8. Guarantor – if you are a student with no income, you will need a guarantor. The guarantor usually needs to have an annual income of 80 to 100 times the amount of rent and submit all documents required in the previous topic. The guarantor must reside in the United States – sometimes, the landlord requires a guarantor from the area (New York or New Jersey). The guarantor can also be accepted in cases of people having a bad credit score or do not have the necessary annual income – but not all apartments accept guarantors!
9. Other details – always ask what is included in the rent when you are visiting an apartment: hot water, heating, gas. It is important to know this because it can increase your monthly expenses.
How to find out if my deal is good?
There are many traps in terms of buildings and apartments in New York. There are things that cannot be predicted – like a noisy neighbor – but there are others that you can easily figure out. When I found a potential apartment, I would always Google the address to see if there were any reviews (on Yelp too). In addition, Address Report is very useful for checking locations: it features complaints reports, security statistics, and more. Another interesting thing is to know how to filter reviews: see what people complain about and if that would be a problem for you. And remember that when it comes to apartments, it is not usual that people will spend time to write a positive review.
Organizing the moving
I confess: moving to another apartment causes a lot of anxiety in me. Making a previous organization was essential to making this process as “smooth” as possible:
- Checklist: I created a spreadsheet and put several pending issues like websites and bills I had to update my address, the companies I had to hire, and also what I needed to buy for the new apartment.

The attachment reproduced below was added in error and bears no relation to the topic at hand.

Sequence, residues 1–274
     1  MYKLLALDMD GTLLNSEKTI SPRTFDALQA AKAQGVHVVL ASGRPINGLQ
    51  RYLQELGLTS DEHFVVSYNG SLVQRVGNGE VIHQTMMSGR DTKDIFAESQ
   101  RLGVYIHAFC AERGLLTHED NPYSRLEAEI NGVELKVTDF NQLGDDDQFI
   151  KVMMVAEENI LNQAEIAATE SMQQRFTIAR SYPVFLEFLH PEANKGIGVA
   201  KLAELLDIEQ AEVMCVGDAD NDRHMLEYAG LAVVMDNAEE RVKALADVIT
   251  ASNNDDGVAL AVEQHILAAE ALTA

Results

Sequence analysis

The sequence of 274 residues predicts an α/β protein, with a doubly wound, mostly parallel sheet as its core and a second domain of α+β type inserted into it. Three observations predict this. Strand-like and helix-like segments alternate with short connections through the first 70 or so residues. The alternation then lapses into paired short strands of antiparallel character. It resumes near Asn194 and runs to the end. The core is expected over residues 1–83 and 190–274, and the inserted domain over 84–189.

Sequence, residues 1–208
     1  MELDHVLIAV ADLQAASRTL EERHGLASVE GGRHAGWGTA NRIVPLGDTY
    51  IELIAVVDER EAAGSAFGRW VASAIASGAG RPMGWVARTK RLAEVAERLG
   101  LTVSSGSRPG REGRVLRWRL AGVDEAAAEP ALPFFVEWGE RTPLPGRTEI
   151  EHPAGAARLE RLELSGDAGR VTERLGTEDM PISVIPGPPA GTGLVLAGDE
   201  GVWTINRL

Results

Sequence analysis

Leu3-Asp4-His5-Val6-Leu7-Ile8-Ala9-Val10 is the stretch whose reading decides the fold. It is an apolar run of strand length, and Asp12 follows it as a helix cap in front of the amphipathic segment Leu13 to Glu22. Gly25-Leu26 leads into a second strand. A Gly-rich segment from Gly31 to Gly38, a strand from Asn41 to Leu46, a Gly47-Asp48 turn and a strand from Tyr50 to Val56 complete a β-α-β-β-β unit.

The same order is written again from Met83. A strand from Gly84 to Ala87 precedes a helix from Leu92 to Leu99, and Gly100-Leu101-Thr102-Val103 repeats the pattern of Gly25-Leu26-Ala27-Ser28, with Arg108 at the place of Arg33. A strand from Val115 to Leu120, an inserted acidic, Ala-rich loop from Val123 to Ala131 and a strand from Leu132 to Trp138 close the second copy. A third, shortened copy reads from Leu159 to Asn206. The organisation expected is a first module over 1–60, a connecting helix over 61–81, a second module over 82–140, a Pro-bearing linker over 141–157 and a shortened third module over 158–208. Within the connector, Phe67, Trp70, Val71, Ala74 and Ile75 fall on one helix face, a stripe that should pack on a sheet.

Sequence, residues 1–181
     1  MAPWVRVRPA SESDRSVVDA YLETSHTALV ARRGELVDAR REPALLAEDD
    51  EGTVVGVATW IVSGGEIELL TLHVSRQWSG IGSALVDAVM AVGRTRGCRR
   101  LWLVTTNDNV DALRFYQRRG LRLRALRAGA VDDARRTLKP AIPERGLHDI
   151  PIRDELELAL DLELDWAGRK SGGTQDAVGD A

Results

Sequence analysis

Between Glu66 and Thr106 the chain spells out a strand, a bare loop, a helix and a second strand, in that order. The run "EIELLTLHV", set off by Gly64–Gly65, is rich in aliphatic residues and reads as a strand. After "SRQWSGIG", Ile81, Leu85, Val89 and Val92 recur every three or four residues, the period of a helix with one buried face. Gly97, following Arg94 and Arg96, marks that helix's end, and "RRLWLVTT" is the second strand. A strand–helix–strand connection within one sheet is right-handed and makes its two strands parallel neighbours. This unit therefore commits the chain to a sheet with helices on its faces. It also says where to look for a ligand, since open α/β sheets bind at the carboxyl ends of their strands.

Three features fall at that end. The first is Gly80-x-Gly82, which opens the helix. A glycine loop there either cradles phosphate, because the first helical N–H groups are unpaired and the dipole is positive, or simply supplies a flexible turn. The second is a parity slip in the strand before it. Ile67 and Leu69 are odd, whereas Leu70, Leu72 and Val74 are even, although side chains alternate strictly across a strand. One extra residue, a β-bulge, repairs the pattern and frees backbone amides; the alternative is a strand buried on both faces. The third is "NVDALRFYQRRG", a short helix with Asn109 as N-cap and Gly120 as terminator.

- Mail: USPS has a great service where you can put your old and new address and then forward all the mail and packages!
- Cleaning: do you know that general cleaning to throw away that lot of things that you no longer use? From paper to pots, from clothes to books? We did this in January, two months before the move, already thinking about making the process of packing things easier and not doing this cleaning in the middle of moving boxes.
- Food: we started to pack everything about a week before the move. We packed almost everything from the kitchen, we leave only the essentials. So it was important to have some meals in the freezer. It sounds silly, but it helped a lot!
- Boxes: we use plastic boxes, from Gorilla Bins. Our motivation for doing this was to avoid the waste generated by cardboard. However, in addition, these boxes made it easier to pack everything, because we didn’t waste time assembling boxes and taping.
- Moving company: we hired Elate Moving. They are fast and efficient, they disassembled all the furniture and assembled everything again. Nothing was damaged. One thing I also did was provide some snacks for them in the new apartment. It was 6 hours of work and nobody deserves to work hungry. And I think kindness breeds kindness. But if you don’t have a lot of money to spend on this, you can rent a truck on UHaul and also hire some people to help you on Task Rabbit.
I hope my tips have helped you who are thinking about finding an apartment in New York City!
Content creator and journalist in New York City. Here, I share lifestyle, beauty, NYC tips, thoughts, and the struggles about living in the most amazing city in the world! I’m not gonna pretend to be another person: I’m a Brazilian immigrant and I think this is my soul, it is part of who I am. I hope you enjoy my content! Follow me on Instagram!